• avatar

    Isn’t he the same guy who proposed taxing cars based on teh number of miles driven? Of course he stated they would never use the GPS units required by such a scheme to hand out speeding tickets. I’d wait before I start labeling him a friend of the American driver.

  • avatar

    The feds should absolutely be involved in protecting Americans from overzealous enforcement of laws by state, county, and city. I don’t think that is stepping on state rights- in fact, I think it is one of the most fundamental reasons to have a federal government in the first place. If “liberty and justice for all” were any more important, we’d make kids recite it every day while facing a flag.

    • 0 avatar

      One of the more fascinating aspects of the collective American psyche is this trust of regional governments and corporations over Federal.

      I’ll never understand it, considering that some of the worst examples of civil rights in any nation abuses come not from the top, but from petty little curtain-twitchers**. Having worked with all three levels of government—though not in the US—I’ll certainly say that, in terms of ethics, the Federal level is by far the least corrupt.

      On the other side of scale, you have New Rome, Ohio and it’s ilk.

      ** I also suspect that Americans get the government they deserve because the electorate encourges the curtain-twitcher mentality up to the Federal level. It bothers me that this is spreading to other western nations as well.

    • 0 avatar


      You got that right, only I’ll do you one further.

      I worked for the American Red Cross during the 2005 hurricane season (which included Katrina). Local government, law enforcement and fire departments in the deep south, from the TX/LA border stretching to Alabama were among the more corrupt organizations I’ve worked with (and I’ve spent a lot of time in Africa). Definitely the most corrupt Americans I’ve ever known.

      To give you an idea, by the third week after landfall, when relief efforts were in full swing, half of external law enforcement that was sent to the area was to keep on eye on the locals, because they couldn’t be trusted to distribute relief items on their own without the majority of supplies just disappearing.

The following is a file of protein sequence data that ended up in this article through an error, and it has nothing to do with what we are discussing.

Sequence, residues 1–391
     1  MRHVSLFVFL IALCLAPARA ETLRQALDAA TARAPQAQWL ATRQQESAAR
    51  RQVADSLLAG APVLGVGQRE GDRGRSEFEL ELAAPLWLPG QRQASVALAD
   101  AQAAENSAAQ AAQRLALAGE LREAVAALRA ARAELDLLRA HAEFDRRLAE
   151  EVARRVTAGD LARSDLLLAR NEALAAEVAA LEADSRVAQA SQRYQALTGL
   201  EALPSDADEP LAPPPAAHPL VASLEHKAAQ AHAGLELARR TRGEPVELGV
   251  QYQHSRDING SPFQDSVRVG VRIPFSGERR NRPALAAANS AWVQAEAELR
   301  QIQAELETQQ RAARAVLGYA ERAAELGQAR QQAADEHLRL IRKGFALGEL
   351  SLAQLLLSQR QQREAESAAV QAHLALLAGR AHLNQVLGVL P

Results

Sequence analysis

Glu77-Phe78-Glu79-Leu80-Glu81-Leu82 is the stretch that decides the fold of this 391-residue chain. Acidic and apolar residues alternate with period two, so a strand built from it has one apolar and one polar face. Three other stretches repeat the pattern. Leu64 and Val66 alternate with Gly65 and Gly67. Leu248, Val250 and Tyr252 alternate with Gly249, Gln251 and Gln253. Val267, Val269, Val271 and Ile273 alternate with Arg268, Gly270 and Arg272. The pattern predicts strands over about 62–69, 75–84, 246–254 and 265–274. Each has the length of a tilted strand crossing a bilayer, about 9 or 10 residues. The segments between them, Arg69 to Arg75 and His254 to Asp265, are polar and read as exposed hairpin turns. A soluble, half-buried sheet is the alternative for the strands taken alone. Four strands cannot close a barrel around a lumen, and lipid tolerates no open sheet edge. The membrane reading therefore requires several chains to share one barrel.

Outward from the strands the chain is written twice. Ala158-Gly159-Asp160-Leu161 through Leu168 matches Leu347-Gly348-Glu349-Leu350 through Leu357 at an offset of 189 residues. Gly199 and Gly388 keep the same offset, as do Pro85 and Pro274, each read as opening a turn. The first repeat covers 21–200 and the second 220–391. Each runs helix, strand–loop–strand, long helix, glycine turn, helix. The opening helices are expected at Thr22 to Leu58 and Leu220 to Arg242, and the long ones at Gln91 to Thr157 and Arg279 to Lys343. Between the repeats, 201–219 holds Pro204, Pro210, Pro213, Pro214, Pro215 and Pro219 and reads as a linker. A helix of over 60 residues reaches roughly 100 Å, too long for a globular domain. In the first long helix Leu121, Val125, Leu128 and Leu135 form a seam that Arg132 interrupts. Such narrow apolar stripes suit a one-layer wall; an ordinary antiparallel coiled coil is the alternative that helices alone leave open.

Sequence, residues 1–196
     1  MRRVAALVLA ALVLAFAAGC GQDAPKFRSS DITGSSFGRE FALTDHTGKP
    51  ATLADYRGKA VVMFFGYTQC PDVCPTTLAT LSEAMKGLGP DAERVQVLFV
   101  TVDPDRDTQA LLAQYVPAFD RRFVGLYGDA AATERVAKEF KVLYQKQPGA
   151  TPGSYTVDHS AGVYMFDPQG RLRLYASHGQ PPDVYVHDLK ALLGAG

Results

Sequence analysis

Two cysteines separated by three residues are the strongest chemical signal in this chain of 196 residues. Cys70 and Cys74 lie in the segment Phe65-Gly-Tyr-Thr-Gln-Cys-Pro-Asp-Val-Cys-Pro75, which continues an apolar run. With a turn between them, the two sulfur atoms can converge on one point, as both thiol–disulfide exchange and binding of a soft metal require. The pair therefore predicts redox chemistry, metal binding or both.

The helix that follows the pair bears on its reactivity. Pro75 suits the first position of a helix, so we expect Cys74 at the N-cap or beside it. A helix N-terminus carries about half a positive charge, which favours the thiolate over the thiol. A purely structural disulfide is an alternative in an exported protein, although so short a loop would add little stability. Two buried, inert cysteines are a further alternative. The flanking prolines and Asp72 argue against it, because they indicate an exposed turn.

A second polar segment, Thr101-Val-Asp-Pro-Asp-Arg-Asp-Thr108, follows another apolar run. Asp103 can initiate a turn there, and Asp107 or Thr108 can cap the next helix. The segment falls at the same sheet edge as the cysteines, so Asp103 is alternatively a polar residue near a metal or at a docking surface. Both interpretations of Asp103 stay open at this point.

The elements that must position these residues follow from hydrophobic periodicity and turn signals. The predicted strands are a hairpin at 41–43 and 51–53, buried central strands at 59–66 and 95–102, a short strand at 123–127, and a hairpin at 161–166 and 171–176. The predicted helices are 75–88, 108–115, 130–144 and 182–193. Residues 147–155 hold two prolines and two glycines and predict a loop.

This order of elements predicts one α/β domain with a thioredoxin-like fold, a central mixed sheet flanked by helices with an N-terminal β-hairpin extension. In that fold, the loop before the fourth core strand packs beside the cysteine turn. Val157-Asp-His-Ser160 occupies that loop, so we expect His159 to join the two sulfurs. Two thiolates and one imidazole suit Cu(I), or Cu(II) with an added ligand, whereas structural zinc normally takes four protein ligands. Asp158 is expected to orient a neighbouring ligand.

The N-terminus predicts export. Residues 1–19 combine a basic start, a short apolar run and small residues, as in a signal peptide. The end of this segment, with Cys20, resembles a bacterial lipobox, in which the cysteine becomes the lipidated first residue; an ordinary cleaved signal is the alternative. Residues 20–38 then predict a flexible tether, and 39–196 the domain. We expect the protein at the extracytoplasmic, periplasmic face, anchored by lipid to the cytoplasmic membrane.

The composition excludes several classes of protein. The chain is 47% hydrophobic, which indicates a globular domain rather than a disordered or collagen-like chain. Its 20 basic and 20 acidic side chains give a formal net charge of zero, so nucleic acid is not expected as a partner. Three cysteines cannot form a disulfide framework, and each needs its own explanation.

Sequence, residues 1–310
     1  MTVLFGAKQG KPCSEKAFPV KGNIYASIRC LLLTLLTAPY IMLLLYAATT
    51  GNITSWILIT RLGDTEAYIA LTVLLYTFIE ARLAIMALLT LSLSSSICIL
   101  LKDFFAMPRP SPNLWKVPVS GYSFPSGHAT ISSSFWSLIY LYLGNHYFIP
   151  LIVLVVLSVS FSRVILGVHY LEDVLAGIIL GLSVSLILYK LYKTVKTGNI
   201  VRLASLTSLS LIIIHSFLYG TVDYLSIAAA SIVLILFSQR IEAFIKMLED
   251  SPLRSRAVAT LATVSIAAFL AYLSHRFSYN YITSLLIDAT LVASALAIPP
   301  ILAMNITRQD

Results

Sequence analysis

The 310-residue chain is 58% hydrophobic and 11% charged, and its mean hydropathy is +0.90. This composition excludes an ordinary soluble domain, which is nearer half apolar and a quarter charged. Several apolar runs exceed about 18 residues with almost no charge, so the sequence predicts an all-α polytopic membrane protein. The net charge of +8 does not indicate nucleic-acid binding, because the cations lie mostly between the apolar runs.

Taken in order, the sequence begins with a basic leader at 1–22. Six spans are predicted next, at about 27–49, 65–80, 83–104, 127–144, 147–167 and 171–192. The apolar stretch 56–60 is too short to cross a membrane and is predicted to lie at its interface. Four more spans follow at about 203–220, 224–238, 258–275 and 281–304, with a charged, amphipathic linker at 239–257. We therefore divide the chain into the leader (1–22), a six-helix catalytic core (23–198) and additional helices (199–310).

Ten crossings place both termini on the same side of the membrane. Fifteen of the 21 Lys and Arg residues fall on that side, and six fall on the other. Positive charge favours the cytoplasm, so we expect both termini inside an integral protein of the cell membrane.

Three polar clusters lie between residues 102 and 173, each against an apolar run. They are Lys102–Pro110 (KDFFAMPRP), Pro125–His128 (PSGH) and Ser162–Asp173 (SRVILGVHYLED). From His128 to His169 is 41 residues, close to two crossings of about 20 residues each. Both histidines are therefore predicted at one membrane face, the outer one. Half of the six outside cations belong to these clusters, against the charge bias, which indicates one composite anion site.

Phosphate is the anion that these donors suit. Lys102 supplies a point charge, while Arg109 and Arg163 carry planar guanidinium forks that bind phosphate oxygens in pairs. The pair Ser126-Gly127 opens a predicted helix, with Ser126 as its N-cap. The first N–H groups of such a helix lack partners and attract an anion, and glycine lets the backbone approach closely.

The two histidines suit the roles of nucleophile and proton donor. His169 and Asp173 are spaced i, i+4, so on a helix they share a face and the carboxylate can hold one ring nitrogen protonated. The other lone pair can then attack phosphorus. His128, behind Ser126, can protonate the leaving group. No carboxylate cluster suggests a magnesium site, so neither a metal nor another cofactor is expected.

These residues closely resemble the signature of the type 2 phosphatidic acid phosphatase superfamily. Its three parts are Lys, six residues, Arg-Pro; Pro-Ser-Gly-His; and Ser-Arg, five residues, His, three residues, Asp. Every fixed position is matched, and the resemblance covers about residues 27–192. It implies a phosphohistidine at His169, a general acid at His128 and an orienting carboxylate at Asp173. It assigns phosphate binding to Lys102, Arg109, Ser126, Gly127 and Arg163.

Local incompetency plus corruption vs Federal incompetency? I prefer the Feds, because at least they mean well even if they can’t get the job done.

    • 0 avatar
      George B

      Psarhjinian, the federal government is a ubiquitous monopoly. I can’t vote with my feet and avoid the federal level of government. On the other hand, I can boycott New Rome, Ohio and just about any other town that becomes corrupt. Sometimes they implode into black holes like Detroit, but even extreme messed up cities have little impact on daily life because most Americans have mobility.

      Corporations are even easier to boycott than cities. Automakers are starting to figure out how much power consumers have to say oh hell no. Competition, not elite experts, eventually cleans up the mess by forcing corporations to either clean up their act or exit the market.

    • 0 avatar

      George B,

      Nah man, it’s not. Not by the definition that you’re using. You’re free to move some place where the US Federal governments rules do not apply to you – another nation-state. It’s just probably not within your means to do so.

      For those without the means to move from one locality to another, they’re under the local monopoly of their local government.

      The vote with your feet argument is and always has been a complete wash if you choose to look both left and right before crossing this particular street.

  • avatar

    If a municipality reduces the yellow light length to less than the Federal standard in order to increase camera enforcement revenue, then wouldn’t I be justified in seeking charges of conspiracy to commit murder for hire? The city will profit while people are injured and killed.